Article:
Author: Howard Jackson

Howard Jackson was born in Merseyside in 1948. He still lives there and has spent most of his life in Liverpool, although he has also lived in London, Nottingham, Glasgow and Preston. He reads, watches movies, listens to music (a lot), supports Liverpool Football Club and climbs hills in the Lake District and Yorkshire. Though not a keen fan of travelling he has toured extensively around Brazil and the Southern States of America. These journeys were a consequence of an interest in Brazilian history and the music of the American South.

THE MOVIE CHALLENGES

THE MALTESE FALCON

USA 1941

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First, a half-remembered anecdote that is worth telling. A few years after she had finished filming The Maltese Falcon, Mary Astor was in Mexico making the nowhere near as distinguished movie Fiesta. Her husband was the reserved and publicity shy Dr Franklin Thorpe. Thanks to an unscrupulous Hollywood publicity department and a few local roguish newspapermen Thorpe was reinvented as a stud, the only man capable of sexually satisfying the beautiful Mary Astor. The untrue tales of his behaviour in the bedroom excited the local population, especially the men who believed they had found a genuine hero. Before the filming of Fiesta was finished Thorpe travelled to Mexico to join his wife Astor. Unaware of what was happening below the border, Thorpe left the train expecting to catch a quiet taxi to a local hotel. The roaring football-sized crowd that welcomed Thorpe was a surprise, as were the songs being sung in his honour.   When some of the men lifted Thorpe on to their shoulders, the publicity avoiding doctor must have feared for his life. The truth was that Thorpe was a quiet and modest man and Astor was the philanderer.  She was also a great actress and as the treacherous but anxious Brigid O’Shaughnessy she has her finest moments.

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The Maltese Falcon is based on the novel by Dashiell Hammett.  Raymond Chandler, the other great American author of 40s hardboiled crime, explained the appeal of Hammett. ‘He wrote scenes that seemed never to have been written before.’   The flourish in that sentence also defines the difference between the two writers.  Chandler wrote more elegant prose and was romantic. Hammett kept the phrases simple and rooted his stories in the double-dealing world he knew. The irony is that the romantic Chandler is straight-laced while Hammett, despite his no-nonsense heroes, is playful.  Both men had a passion for alcohol, and that helps explain why neither of them wrote more than a handful of novels.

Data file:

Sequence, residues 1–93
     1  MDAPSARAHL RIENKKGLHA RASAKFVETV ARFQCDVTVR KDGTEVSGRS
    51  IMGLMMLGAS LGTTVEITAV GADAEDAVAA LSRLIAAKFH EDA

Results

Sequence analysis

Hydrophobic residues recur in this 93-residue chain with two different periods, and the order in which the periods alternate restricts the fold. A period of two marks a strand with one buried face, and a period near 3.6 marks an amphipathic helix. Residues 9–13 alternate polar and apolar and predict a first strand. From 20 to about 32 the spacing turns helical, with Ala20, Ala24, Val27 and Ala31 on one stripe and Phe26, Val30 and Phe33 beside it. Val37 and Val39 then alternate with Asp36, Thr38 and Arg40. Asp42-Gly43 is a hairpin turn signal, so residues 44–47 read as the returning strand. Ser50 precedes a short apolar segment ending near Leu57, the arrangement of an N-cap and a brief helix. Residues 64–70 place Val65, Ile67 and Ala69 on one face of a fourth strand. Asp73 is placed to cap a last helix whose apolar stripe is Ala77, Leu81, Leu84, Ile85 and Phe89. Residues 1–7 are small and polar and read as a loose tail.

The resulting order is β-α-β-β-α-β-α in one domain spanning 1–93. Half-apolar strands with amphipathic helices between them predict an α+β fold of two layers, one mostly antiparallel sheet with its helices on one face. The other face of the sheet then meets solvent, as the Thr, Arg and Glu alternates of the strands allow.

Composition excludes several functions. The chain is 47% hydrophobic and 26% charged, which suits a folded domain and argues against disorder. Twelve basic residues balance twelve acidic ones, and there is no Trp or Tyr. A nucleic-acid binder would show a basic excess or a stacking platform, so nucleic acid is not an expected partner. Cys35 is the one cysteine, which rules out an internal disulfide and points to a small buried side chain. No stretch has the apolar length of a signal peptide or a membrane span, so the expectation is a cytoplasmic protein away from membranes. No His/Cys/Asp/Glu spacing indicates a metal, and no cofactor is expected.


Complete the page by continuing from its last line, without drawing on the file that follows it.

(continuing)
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Boozer he may have been but Hammett the man has heroic status. His mix of sour misanthropy and left wing idealism ensured he was his own person.  As a young man, Hammett worked as a Pinkerton detective but he left after witnessing their strikebreaking activities. When questioned about his politics, he refused to give names about his fellow travellers to the various committees and attorneys.  Dashiell Hammett was sent to prison where his job was to clean the toilets.  Playwright Lillian Hellman was the partner of Hammett for thirty years of her life.  She commented on his refusal to cooperate with authority.  ‘He had come to the conclusion that a man should keep his word.’

And so did Sam Spade. The detective in The Maltese Falcon tells lies, pushes people around and is dismissive of the misfortune that befalls others. If Sam Spade lacks feeling, he understands loyalty.  Spade is neither romantic nor idealistic which means that he is not interested in redemption. But he will bring the murderer of his partner to justice. He has professional pride and realises his worth depends on him understanding what he owes his fellow detective. Sam Spade is attracted to Brigid O’Shaughnessy but there is a problem. Brigid killed Miles. Sam hands her over to the police. ‘If they don’t hang you, I’ll be waiting for you.’ We believe him. Spade is attracted to dangerous people. If anyone can wait twenty years for a deceitful woman who murders people, it is Sam Spade.